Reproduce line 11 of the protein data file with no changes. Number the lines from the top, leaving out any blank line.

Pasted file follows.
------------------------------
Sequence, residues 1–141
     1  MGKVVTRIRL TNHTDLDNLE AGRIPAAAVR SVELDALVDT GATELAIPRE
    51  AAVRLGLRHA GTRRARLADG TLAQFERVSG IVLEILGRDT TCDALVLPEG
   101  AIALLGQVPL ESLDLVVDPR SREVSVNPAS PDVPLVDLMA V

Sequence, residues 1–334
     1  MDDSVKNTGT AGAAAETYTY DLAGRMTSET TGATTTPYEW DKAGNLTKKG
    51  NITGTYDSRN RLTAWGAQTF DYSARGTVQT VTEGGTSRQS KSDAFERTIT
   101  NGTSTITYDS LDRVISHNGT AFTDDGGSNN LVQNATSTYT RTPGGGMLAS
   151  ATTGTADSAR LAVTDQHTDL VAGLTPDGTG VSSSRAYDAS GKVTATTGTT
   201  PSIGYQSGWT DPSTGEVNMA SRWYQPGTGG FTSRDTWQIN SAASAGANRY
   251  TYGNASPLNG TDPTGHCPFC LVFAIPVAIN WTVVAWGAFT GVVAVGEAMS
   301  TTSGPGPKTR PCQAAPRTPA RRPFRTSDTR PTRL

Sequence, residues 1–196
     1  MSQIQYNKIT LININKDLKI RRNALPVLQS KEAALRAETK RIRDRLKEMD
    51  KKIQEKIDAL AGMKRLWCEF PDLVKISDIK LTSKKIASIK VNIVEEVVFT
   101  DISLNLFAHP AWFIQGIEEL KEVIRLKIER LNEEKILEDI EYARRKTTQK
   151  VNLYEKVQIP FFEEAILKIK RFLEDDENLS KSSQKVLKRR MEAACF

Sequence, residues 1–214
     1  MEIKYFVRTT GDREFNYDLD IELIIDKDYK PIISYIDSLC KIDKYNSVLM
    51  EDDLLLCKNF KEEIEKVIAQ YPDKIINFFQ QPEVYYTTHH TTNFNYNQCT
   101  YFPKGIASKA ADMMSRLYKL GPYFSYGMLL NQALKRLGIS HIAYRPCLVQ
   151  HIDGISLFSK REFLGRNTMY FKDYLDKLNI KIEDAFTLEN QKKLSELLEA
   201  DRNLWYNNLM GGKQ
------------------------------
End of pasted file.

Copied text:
   251  TYGNASPLNG TDPTGHCPFC LVFAIPVAIN WTVVAWGAFT GVVAVGEAMS